Pennsylvania Field Office
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 As of May 4, 2015, the northern long-eared bat listing determination of threatened and the interim 4(d) rule is effective. More information on the listing of this species and the interim 4d rule can be found at:

Known northern long-eared bat hibernacula are now included in the Pennsylvania Natural Diversity Inventory (PNDI) database with buffer protections consistent with the 4(d) rule.   Additional northern long-eared bat occurrence data is being added to the system with an anticipated completion date of July 2015. Although the PNDI screening is not entirely complete at this time, U.S. Fish and Wildlife Service species effect determinations delivered through PNDI for northern long-eared bat are valid if run after May 4, 2015. If your PNDI receipt indicates that there is no conflict with resources under U.S. Fish and Wildlife Service jurisdiction, but you believe that your project may affect northern long-eared bat, you can submit your project information to the U.S. Fish and Wildlife Service Pennsylvania Field Office for a project-specific review.

For more information about existing permits and authorizations from the U.S. Corps of Engineers or the Pennsylvania Department of Environmental Protection, please see the Corps of Engineer's public notice.


The U.S. Fish and Wildlife Service is responsible for working with others to conserve, protect and enhance fish, wildlife and plants and their habitats for the continuing benefit of the American people.

Pennsylvania Field Office News

Eastern massasauga proposed as threatened under Endangered Species Act

Eastern massasauga
In the Northeast, eastern massasaugas are found in New York and Pennsylvania.
Credit: Mike Redmer/USFWS

The U.S. Fish and Wildlife Service has proposed to list the eastern massasauga rattlesnake as a threatened species under the Endangered Species Act. The rattlesnake, which has been a candidate for listing since 1999, has declined over the past decades as its wetland habitat has disappeared and as people have intentionally killed it. More than 30 percent of the historical populations are now extirpated and many more (20 percent) are of uncertain status.

More information

Notice of Availability, Draft Restoration Plan Addendum for Jacks Creek Superfund Site and Keystone Sanitation Landfill Superfund Site

August 4, 2015: The U.S. Fish and Wildlife Service, on behalf of the Department of Interior, as the sole natural resource trustee, announces the release for public review of the Draft Restoration Plan Addendum for the “Jacks Creek Superfund Site Final Restoration Plan and Environmental Assessment” (U.S. Fish and Wildlife Service, 2000) and to the “Keystone Sanitation Landfill Superfund Site Final Restoration Plan” (U.S. Fish and Wildlife Service, 2007). Due to the release of hazardous materials at Jacks Creek/Sitkin Smelting Superfund Site and Keystone Sanitation Landfill Superfund Site, migratory bird habitat, such as upland forests and wetlands, were destroyed or injured by contamination. The restoration projects originally selected to compensate for natural resource damages at the two Superfund sites were successfully implemented for less than the projected cost, and a combined total of $59,825 remains for additional restoration projects. Since the natural resource claims for both Sites were injuries to migratory birds and their habitat, the Service proposes to combine the funds for an additional project that will benefit the injured resources. This addendum describes the proposed additional project to create and enhance wetland habitat at three adjacent properties in Mifflin County that are under permanent conservation easement.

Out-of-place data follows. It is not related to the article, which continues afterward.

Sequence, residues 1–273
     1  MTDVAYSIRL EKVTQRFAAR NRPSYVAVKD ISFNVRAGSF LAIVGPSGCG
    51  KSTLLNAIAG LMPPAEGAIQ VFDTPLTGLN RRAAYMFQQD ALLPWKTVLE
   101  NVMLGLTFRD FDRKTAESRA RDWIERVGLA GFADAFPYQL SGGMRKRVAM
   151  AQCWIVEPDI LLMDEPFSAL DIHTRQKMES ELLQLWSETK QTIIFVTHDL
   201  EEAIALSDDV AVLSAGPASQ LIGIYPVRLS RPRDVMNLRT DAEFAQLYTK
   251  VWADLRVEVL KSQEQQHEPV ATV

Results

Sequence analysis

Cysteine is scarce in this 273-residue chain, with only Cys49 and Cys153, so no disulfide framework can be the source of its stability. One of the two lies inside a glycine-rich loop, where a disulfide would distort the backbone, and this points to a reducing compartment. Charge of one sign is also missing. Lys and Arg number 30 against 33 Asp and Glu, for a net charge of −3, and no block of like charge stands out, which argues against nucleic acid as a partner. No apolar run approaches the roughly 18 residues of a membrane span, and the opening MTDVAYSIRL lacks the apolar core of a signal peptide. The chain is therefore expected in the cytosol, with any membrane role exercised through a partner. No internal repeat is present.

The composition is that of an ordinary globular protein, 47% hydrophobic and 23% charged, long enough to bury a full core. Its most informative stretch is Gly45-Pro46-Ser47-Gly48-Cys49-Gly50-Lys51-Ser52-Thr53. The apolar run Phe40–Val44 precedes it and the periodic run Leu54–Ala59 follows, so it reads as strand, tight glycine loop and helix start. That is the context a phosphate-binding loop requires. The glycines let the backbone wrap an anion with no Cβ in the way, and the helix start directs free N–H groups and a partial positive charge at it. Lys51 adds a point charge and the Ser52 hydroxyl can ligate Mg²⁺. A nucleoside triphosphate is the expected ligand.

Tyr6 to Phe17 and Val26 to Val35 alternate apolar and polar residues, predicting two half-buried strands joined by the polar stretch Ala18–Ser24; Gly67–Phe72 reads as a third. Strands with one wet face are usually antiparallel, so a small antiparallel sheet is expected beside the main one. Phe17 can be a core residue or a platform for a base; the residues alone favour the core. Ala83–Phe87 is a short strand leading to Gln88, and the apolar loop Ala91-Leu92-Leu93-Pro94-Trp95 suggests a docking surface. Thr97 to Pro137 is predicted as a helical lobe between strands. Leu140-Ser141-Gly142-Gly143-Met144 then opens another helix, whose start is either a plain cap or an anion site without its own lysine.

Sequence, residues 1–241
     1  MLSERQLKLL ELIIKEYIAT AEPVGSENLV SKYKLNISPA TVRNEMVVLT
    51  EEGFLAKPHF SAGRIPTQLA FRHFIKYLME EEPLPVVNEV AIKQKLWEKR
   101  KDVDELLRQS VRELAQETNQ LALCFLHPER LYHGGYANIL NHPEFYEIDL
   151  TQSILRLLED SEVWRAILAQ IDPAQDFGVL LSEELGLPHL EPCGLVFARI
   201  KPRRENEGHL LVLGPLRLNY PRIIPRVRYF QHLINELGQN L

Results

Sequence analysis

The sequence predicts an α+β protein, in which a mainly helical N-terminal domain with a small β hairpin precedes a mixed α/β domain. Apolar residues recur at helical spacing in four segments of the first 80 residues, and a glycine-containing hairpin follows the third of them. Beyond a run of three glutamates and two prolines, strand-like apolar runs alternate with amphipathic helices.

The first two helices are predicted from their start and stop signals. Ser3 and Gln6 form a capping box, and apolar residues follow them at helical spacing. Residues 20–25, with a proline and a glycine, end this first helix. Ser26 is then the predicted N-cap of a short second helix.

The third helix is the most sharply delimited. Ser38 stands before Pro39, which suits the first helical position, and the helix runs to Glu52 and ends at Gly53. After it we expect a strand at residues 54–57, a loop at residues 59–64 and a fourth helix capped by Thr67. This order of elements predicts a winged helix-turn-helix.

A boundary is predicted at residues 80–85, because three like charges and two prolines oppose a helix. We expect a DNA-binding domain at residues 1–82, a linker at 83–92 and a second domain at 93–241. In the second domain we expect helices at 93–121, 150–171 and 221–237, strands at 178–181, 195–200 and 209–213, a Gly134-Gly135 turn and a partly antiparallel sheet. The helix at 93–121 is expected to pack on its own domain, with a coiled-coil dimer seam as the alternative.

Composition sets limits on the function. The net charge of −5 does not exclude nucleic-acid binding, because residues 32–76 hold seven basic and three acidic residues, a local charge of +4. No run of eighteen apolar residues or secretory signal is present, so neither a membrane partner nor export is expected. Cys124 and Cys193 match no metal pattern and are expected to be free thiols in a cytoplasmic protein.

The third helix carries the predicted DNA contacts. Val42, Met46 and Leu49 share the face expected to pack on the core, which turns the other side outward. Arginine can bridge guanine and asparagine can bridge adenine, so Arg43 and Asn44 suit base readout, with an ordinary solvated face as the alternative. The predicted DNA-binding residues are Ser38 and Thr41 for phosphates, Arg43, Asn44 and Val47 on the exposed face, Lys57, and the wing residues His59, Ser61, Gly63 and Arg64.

Written comments regarding the Draft Restoration Plan Addendum must be submitted on or before September 6, 2015. Submit comments to: Wingyi Kung, U.S. Fish and Wildlife Service, Pennsylvania Field Office, 110 Radnor Rd, Suite 101, State College, PA or by email:

Draft Restoration Plan Addendum for Jacks Creek Superfund Site and Keystone Sanitation Landfill Superfund Site (PDF - 9.40MB)

Fish and Wildlife Service Designates Critical Habitat for Two Freshwater Mussels in 12 States

Neosho Mucket
Neosho mucket uses a minnow lure to
attract a host fish (bass) for its larvae.
Credit: Chris Barnhart/Missouri State University

April 29, 2015: The U.S. Fish and Wildlife Service has finalized critical habitat designations for the Neosho mucket and rabbitsfoot mussels in rivers of 12 states under the Endangered Species Act (ESA).

The final designations are smaller than those proposed nearly three years ago, and include a significant change to what the Service proposed in Arkansas for the rabbitsfoot, reducing the designation there by 27 percent. The final critical habitat designations in Arkansas affect less than two percent of the state’s total perennial stream miles as defined by the Arkansas Department of Environmental Quality.

The Service altered the critical habitat designations after receiving new relevant information from a number of people and organizations including the Association of Arkansas Counties. The final designations result in a net reduction of about two river miles for Neosho mucket and 217 river miles for rabbitsfoot. Both species of freshwater mussels are found in river systems in the eastern half of the United States and are indicators of clean water and healthy rivers. Today’s decision finalizes a proposal released in 2012 and includes the final economic analysis associated with the critical habitat designations.

Read the full release

News Archive

Last updated: September 29, 2015
All images by FWS unless otherwise noted.